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Conceived and designed the experiments: CR AN AR WFB WMB. Performed the experiments: CR AN AR KG WFB. Analyzed the data: CR AN WFB WMB. Contributed reagents/materials/analysis tools: CR AN AR KG WFB WMB. Wrote the paper: CR AN WFB WMB. Reviewed the manuscript: KG AR.
There is a crucial shortage of methods capable of determining the extent of accidental exposures of human beings to ionizing radiation. However, knowledge of individual exposures is essential for early triage during radiological incidents to provide optimum possible life-sparing medical procedures to each person.
We evaluated immunocytofluorescence-based quantitation of γ-H2AX foci as a biodosimeter of total-body radiation exposure (60Co γ-rays) in a rhesus macaque (Macaca mulatta) model. Peripheral blood lymphocytes and plucked hairs were collected from 4 cohorts of macaques receiving total body irradiation doses ranging from 1 Gy to 8.5 Gy. Each cohort consisted of 6 experimental and 2 control animals. Numbers of residual γ-H2AX foci were proportional to initial irradiation doses and statistically significant responses were obtained until 1 day after 1 Gy, 4 days after 3.5 and 6.5 Gy, and 14 days after 8.5 Gy in lymphocytes and until 1 day after 1 Gy, at least 2 days after 3.5 and 6.5 Gy, and 9 days after 8.5 Gy in plucked hairs.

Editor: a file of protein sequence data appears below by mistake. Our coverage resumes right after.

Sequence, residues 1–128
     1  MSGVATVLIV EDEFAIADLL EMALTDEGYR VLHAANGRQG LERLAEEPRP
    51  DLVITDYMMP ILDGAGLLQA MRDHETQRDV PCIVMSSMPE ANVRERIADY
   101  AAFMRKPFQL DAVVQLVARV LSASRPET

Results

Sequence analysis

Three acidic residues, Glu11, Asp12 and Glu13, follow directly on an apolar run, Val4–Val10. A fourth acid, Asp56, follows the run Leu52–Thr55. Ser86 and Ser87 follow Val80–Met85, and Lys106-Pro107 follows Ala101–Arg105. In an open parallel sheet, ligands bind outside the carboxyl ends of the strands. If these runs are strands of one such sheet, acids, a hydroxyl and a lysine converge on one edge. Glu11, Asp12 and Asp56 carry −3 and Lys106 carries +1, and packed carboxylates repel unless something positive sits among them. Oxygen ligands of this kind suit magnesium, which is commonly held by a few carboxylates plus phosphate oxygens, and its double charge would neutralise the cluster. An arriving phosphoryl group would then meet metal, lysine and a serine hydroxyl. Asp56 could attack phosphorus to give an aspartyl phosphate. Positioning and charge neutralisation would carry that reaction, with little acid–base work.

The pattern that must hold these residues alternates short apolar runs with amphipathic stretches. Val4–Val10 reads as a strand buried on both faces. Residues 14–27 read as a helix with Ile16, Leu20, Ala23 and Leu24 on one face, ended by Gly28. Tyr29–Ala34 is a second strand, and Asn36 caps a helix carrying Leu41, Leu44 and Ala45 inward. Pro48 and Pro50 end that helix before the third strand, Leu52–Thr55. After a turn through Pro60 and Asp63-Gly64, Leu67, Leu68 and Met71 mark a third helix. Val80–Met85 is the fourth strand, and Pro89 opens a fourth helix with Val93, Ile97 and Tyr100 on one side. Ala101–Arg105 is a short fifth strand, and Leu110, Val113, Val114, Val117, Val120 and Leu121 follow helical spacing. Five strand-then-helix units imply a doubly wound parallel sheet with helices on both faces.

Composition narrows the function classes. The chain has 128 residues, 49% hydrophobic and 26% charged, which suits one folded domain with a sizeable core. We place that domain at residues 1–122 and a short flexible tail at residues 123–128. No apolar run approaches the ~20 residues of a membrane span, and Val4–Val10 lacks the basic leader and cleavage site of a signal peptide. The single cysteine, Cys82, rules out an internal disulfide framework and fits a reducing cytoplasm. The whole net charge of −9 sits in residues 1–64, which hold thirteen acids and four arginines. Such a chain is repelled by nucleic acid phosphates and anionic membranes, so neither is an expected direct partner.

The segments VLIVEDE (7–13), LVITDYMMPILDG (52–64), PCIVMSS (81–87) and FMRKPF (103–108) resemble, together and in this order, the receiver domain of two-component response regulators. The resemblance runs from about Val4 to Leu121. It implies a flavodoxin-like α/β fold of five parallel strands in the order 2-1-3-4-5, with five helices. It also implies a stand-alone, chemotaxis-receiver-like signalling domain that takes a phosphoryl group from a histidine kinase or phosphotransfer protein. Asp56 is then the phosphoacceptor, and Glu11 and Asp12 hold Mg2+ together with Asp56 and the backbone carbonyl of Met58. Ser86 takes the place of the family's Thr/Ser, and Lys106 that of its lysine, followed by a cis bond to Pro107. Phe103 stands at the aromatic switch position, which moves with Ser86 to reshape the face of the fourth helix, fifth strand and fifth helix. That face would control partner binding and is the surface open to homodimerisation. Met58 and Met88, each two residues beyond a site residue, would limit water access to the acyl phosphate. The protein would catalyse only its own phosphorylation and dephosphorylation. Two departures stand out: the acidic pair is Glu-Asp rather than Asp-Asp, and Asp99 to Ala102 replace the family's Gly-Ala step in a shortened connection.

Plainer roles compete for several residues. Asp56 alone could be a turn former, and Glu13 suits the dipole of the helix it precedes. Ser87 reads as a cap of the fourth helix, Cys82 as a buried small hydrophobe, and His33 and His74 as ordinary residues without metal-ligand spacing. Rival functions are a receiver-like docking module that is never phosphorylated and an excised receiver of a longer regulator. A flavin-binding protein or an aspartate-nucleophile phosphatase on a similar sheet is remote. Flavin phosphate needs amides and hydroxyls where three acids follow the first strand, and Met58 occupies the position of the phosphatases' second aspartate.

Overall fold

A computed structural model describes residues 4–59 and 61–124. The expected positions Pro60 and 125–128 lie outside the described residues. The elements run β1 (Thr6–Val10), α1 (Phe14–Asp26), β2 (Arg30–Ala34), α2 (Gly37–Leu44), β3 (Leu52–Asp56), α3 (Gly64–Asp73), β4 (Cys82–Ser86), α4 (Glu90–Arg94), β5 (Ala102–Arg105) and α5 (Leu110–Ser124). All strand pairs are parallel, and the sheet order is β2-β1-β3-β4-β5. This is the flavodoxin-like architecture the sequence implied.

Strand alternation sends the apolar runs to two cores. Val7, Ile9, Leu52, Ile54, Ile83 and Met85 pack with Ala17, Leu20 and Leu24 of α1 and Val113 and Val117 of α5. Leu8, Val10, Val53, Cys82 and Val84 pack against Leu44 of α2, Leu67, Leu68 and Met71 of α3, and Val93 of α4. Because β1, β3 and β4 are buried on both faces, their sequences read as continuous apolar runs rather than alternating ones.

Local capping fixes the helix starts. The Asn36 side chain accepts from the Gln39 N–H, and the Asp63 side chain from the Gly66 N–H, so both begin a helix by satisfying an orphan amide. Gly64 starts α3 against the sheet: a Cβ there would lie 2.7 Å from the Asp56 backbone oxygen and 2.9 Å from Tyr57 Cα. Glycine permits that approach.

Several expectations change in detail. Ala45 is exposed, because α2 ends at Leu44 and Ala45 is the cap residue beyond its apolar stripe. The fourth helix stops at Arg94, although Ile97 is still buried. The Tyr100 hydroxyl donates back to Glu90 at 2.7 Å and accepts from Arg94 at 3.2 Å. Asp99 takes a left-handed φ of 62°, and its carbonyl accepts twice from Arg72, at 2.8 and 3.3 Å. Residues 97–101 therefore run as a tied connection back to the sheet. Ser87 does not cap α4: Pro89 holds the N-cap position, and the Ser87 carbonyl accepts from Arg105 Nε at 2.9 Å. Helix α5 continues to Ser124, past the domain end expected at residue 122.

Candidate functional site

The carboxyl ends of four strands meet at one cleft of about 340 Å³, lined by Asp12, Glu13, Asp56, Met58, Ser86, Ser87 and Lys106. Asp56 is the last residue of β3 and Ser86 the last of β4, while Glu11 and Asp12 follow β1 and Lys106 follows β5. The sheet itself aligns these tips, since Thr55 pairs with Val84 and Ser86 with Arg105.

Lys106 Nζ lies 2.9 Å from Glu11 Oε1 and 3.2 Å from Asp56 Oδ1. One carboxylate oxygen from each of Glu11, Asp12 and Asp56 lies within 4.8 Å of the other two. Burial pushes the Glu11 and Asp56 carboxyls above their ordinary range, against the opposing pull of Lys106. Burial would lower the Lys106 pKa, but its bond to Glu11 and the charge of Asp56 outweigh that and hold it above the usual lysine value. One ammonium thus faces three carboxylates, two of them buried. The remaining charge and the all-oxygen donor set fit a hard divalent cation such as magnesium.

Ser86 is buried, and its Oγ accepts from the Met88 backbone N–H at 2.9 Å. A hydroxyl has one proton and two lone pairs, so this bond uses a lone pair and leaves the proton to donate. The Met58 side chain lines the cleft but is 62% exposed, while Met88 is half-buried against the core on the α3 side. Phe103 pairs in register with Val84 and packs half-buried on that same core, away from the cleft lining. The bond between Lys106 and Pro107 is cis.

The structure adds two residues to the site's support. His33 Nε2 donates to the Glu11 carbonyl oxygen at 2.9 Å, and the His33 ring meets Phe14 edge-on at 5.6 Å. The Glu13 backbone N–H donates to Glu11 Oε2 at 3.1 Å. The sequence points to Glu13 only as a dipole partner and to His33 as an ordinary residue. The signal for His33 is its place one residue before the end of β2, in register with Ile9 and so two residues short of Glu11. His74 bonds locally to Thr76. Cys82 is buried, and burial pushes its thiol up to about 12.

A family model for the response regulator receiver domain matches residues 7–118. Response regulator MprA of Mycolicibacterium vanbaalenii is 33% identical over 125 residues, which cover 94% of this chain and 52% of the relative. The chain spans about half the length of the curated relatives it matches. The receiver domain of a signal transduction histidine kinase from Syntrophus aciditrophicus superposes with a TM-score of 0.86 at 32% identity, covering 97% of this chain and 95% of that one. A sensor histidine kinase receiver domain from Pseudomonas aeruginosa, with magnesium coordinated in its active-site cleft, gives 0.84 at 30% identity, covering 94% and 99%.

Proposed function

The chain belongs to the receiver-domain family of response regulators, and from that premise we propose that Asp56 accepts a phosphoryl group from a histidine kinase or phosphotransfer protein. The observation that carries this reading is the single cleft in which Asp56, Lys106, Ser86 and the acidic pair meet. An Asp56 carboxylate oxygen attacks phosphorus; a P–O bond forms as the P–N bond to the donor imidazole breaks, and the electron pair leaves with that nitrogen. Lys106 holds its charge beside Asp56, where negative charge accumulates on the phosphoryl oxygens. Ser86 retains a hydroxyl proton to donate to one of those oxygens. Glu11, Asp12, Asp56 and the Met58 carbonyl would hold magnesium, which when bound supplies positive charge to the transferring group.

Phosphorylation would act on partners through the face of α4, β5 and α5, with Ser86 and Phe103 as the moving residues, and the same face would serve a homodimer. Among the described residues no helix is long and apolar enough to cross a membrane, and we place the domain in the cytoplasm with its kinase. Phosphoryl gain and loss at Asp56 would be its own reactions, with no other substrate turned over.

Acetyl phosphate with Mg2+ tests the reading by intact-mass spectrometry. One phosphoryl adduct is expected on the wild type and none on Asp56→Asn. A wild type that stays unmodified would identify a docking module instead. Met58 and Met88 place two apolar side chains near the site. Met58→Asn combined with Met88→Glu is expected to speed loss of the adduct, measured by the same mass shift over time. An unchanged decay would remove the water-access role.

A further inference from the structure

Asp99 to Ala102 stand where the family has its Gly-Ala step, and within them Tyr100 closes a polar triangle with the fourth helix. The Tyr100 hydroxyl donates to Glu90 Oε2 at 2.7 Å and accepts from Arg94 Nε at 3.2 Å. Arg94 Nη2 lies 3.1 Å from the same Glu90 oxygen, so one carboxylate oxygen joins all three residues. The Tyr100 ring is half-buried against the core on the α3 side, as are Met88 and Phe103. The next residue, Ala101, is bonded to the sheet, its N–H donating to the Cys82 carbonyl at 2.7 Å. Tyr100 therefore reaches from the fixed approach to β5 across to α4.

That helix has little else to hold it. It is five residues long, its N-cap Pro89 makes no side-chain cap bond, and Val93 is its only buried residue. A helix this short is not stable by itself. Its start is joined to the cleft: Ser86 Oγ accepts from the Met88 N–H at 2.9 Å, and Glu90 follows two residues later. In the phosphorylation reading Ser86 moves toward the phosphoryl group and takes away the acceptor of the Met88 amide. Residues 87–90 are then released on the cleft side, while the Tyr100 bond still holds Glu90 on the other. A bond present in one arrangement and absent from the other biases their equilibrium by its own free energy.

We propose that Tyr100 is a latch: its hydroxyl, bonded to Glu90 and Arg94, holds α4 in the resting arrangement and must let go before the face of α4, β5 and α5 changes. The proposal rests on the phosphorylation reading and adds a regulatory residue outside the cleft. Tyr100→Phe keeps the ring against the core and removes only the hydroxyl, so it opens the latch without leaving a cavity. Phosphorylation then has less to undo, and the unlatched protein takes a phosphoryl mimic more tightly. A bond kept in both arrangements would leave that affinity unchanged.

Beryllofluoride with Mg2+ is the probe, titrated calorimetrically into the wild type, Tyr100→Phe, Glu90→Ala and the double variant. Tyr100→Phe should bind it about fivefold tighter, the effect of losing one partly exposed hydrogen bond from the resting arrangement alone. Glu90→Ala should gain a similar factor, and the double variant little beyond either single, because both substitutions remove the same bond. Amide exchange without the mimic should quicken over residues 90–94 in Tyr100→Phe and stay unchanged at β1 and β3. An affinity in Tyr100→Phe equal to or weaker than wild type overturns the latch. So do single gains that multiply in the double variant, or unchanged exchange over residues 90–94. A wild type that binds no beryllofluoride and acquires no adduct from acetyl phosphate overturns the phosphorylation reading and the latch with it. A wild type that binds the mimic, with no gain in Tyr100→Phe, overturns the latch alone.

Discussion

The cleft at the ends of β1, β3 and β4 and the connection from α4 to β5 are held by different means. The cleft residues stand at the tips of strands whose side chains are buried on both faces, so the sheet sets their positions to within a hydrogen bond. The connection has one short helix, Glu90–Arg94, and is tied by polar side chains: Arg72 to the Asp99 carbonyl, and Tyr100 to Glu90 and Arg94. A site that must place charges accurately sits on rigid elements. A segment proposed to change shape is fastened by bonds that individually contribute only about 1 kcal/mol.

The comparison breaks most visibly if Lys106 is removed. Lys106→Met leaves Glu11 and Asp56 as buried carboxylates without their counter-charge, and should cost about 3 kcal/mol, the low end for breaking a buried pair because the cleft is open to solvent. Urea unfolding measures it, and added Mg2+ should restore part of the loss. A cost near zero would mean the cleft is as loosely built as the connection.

These findings indicate that quantitation of γ-H2AX foci may make a robust biodosimeter for analyzing total-body exposure to ionizing radiation in humans. This tool would help clinicians prescribe appropriate types of medical intervention for optimal individual outcome. These results also demonstrate that the use of a high throughput γ-H2AX biodosimeter would be useful for days post-exposure in applications like large-scale radiological events or radiation therapy. In addition, this study validates a possibility to use plucked hair in future clinical trials investigating genotoxic effects of drugs and radiation treatments.